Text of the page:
Many Americans believe the election of our first black president signaled the entry into a post-racial America from which racial prejudices of the past have been eliminated. Author Ian Haney López convincingly challenges this notion in his latest book Dog Whistle Politics. Far from being over, he argues racism continues to permeate key aspects of American political life without overt racist references. Instead, race neutral references about criminals and welfare cheats, illegal aliens, and sharia law are repeatedly made. “Superficially,” he says, “these provocations have nothing to do with race, yet they nevertheless powerfully communicate messages about threatening nonwhites.” Americans must recognize these “dog whistles” for what they really are, code word appeals to racial biases and prejudices. Haney López provides plenty of examples to facilitate such recognition.
Campaigning for president in 1980, Ronald Reagan told stories of Cadillac-driving “welfare queens” and “strapping young bucks” buying T-bone steaks with food stamps. In trumpeting these tales of welfare run amok, Reagan never needed to mention race because he was blowing a dog whistle: sending a message about racial minorities inaudible on one level, but clearly heard on another. In doing so, he tapped into a long political tradition that started with George Wallace and Richard Nixon, and is more relevant than ever in the age of the Tea Party and the first black president.
The most recent examples of dog whistle politics can be found in race neutral characterizations of President Obama as “the food stamp president,” “the affirmative action president,” or as a follower of Islam. While race is never specifically mentioned in any of these cases, the subtle reminder that the president is not white is never far from the political conversations.
From Reagan to Romney, Haney López offers a sweeping account of how politicians and plutocrats deploy veiled racial appeals to persuade white voters to support policies that favor the extremely rich yet threaten their own interests. Dog whistle appeals generate middle-class enthusiasm for political candidates who promise to crack down on crime, curb undocumented immigration, and protect the heartland against Islamic infiltration, but ultimately vote to slash taxes for the rich, give corporations regulatory control over industry and financial markets, and aggressively curtail social services. White voters, convinced by powerful interests that minorities are their true enemies, fail to see the connection between the political agendas they support and the surging wealth inequality that takes an increasing toll on their lives. The tactic continues at full force with the Republican Party using racial provocations to drum up enthusiasm for weakening unions and public pensions, defunding public schools, and opposing health care reform.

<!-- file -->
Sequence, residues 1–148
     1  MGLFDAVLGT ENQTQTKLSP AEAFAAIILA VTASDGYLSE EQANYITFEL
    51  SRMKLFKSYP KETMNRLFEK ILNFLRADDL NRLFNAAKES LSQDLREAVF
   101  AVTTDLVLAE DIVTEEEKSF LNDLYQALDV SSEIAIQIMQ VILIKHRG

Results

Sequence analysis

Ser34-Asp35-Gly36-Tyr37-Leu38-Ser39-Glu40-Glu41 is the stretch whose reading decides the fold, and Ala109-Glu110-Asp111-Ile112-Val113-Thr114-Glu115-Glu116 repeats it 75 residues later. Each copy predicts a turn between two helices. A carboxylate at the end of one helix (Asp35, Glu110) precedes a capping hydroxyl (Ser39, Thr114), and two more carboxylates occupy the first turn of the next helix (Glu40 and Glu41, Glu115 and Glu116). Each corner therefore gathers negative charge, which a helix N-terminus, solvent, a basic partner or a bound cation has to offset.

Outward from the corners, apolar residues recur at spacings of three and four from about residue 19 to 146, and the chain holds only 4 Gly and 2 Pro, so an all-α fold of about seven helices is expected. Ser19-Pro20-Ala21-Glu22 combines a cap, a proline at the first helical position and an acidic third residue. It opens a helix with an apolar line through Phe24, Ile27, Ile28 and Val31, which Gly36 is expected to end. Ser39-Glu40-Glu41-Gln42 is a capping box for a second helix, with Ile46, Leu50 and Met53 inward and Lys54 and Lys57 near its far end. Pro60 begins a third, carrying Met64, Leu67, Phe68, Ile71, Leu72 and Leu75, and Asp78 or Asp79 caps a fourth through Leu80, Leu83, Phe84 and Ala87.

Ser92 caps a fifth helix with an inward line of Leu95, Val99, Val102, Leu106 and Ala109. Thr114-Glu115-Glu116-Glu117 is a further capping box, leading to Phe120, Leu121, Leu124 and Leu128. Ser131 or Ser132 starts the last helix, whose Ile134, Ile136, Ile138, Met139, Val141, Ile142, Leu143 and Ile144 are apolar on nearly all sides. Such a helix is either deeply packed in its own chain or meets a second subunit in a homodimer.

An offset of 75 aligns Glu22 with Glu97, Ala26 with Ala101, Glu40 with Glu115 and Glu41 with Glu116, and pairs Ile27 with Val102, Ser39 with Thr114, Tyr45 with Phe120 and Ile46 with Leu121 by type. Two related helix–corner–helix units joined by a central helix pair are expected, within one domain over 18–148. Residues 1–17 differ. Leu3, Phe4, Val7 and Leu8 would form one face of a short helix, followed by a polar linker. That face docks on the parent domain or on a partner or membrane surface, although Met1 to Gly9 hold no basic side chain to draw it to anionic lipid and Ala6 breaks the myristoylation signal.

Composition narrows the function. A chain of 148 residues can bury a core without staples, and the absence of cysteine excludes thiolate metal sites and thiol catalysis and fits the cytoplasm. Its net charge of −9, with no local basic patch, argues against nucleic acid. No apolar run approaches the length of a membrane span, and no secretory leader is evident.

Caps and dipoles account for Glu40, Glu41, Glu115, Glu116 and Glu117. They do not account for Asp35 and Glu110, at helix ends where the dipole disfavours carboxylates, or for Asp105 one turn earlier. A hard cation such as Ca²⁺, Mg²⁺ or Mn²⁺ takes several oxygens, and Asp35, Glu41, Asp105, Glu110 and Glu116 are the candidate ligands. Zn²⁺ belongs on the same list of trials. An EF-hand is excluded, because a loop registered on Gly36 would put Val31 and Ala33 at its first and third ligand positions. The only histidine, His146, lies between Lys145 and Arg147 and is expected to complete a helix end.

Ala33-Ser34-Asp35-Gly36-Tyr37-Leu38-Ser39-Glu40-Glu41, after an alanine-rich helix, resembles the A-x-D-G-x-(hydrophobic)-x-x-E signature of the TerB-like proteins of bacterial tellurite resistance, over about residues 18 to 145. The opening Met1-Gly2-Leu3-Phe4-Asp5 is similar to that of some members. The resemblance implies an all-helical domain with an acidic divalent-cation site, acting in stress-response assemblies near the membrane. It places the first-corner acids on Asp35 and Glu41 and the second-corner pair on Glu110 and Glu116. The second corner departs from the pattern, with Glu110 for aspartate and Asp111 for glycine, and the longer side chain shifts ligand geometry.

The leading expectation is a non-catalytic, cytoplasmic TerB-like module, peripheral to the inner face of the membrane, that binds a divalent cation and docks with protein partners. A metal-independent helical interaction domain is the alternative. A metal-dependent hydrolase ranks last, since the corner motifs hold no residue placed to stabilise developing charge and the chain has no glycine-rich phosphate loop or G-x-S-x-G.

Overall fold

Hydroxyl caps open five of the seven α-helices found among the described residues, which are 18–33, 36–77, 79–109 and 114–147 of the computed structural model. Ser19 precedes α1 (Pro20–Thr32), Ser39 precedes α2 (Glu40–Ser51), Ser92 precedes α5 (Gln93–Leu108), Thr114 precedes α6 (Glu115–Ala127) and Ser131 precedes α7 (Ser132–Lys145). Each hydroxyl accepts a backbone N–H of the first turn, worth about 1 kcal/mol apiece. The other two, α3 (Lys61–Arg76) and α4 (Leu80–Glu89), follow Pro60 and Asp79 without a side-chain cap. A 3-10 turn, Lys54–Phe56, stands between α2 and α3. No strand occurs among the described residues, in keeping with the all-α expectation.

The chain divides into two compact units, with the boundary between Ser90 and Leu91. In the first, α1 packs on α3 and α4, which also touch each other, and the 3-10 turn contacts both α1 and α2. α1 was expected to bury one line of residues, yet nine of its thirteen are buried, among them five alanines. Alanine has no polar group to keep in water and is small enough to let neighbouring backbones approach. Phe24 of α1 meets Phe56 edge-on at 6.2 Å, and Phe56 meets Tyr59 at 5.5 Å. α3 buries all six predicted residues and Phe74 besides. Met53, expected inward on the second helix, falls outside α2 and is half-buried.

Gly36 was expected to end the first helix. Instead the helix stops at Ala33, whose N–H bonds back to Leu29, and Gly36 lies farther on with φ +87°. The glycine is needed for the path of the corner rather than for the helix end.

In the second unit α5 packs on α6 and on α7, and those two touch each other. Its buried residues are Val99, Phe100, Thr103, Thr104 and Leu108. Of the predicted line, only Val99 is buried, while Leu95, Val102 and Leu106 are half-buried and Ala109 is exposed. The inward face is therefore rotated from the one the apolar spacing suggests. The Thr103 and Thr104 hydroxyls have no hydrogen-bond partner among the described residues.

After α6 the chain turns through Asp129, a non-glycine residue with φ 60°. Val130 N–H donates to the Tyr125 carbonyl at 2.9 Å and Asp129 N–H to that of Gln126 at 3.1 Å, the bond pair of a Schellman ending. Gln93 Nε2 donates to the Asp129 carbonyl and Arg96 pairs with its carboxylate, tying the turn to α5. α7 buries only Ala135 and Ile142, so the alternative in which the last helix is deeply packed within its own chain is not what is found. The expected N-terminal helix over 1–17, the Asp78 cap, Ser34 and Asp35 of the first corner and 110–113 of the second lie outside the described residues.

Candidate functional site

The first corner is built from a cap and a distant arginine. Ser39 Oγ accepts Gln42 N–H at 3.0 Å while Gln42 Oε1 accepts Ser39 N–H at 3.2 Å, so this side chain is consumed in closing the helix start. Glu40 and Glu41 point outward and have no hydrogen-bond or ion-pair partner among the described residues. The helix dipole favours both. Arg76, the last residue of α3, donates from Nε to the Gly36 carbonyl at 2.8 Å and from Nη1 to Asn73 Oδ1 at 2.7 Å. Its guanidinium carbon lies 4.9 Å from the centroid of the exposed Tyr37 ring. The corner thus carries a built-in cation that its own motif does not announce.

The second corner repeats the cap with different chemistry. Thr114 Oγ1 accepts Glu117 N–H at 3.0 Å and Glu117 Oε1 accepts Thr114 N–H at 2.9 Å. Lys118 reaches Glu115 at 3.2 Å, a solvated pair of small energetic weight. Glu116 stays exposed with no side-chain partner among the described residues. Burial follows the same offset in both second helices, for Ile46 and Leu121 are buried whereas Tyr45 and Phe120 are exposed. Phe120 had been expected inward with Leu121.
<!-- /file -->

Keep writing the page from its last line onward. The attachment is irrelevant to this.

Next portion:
Rejecting any simple story of malevolent racism, Haney López links as never before the two central themes that dominate American politics today: the decline of the middle class, and race as a source of loyalty to the Republican Party. Dog Whistle Politics will generate a lively and badly needed debate about race as a fundamental driver of economic inequality that imperils the middle class, white and non-white alike. This FDL Book Salon provides a unique opportunity for you to enter this debate.
Ian Haney López is the John H. Boalt Professor of Law at the University of California, Berkeley, and a Senior Fellow at Demos. He is the author of two previous books, White By Law and Racism On Trial.
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